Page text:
Galileo Galilei (1564–1642)
Venice: Thomas Baglioni, 1610
Galileo, learning of the newly invented telescope, constructed his own to view the heavens and in 1610 published an account of what he saw. Where the naked eye saw fuzzy patches, he saw clouds of stars. Star-like dots near Jupiter orbited it as the planets do the sun, and the moon proved to be pitted with craters and made jagged with mountains. Galileo was certain Copernicus was correct. His support of the ‘heliocentric’ system, together with his demonstration that not everything in the heavens was perfect, brought him into opposition with Church doctrine.
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Adams.5.61.1, ff. 17v–18r
The Sidereus nuncius, a title commonly translated as the Starry messenger, is a book printed and published within a few months of the date of the observations it reported. The stimulus to Galileo’s new observations and the haste to publish an illustrated book was the discovery made in about 1608 by opticians in the Low Countries that two lenses placed at the correct distance when their optical axes were in line gave a magnified image of distant objects, the founding principle of the telescope. A tube of card or wood between the lenses held them in line and cut out extraneous light. Some months after the discovery was in early 1609 in Venice, where he heard of the new instrument and so he constructed one himself. Whereas the first use of the telescope seems to have been for terrestrial observations it occurred to Galileo that the telescope could be raised to the heavens to bring celestial objects apparently closer to the observer. Galileo’s first telescope gave a magnification of about 3 times with a somewhat distorted image but this he soon increased 10-fold – it was a huge leap in our observational capabilities.
The Messenger brought news of little succour to Church dogma. Galileo looked at the Sun, something never to be tried at home, at the stars, Moon and planets. The Moon, situated above the imperfect Earth, was far from the perfect white sphere assume but apparently pock-marked by impact and with mountainous regions like Earth’s. There were spots upon the Sun, even, albeit the source of light and warmth; though the stars themselves seemed brighter there was no change in their aspect but the fine dusting of background light he found to be made up of tiny stars forming the Milky Way, our own galaxy we now realise, and there was in patches irregular nebulosity, for instance around Orion’s belt. The planets showed tiny discs while the stars remained points, Saturn had bulges around it and Venus had a crescent phase much as the Moon did. From the viewpoint of dogma perhaps most damaging of all was his discovery of the four moons orbiting Jupiter. Galileo named these the four Medicean stars after the family of his patrons. Galileo had shown empirically that there were bodies that orbited other planets and that this was not exclusively the Earth’s prerogative.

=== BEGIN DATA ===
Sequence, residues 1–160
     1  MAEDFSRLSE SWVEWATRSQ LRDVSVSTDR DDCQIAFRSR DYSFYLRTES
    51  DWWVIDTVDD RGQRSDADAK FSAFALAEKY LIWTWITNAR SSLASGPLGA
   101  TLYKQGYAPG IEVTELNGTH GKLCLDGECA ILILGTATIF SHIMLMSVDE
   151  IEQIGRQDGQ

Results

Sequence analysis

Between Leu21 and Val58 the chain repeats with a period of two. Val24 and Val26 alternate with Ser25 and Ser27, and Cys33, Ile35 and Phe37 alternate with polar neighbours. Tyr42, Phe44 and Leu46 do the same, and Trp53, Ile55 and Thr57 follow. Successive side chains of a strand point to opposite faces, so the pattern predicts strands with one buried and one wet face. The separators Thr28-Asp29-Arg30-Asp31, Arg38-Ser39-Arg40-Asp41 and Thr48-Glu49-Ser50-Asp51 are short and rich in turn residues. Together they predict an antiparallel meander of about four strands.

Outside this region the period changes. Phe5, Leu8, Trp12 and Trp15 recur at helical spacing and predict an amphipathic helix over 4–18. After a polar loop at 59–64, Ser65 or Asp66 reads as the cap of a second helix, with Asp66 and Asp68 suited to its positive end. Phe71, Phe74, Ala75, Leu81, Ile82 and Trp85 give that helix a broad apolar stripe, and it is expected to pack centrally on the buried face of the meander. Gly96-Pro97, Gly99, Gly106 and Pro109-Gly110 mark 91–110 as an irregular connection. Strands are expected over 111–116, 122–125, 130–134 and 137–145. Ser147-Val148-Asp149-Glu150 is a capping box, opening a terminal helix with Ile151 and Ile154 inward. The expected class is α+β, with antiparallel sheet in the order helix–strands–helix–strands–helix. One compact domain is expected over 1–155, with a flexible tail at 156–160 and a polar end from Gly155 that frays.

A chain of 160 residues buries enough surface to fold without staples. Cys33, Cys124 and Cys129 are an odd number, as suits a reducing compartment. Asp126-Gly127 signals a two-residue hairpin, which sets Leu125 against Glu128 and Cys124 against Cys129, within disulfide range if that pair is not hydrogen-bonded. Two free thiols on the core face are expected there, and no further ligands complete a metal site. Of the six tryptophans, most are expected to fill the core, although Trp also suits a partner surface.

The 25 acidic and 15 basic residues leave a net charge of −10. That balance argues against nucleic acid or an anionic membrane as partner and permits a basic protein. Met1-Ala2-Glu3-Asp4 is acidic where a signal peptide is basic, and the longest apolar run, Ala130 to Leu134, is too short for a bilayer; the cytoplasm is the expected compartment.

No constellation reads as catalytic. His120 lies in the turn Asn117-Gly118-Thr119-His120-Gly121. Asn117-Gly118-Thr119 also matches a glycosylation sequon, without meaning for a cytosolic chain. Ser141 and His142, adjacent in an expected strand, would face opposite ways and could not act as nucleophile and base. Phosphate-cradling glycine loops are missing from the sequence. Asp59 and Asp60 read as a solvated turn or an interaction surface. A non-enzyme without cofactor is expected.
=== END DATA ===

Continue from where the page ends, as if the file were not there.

What Galileo could not show empirically was that the Earth moved around the Sun; three centuries of technical development would be needed before that was demonstrated. Nonetheless Galileo took this as a self-evident and this caused him to cross swords with one of Bruno’s Inquisitors, Cardinal Bellarmine, who had in 1616 explicitly stated the Church’s rejections of Coperincanism. Bellarmine died in 1621 but the Church held the power of life and death and Galileo’s assertion brought him before the Inquisition in Rome in 1633. This was the same body that had sealed the grim fate of Giordano little more than three decades before, in the light of which it seems of small wonder that Galileo submitted to the Inquisitors and wrote his recantation of his resolute conviction.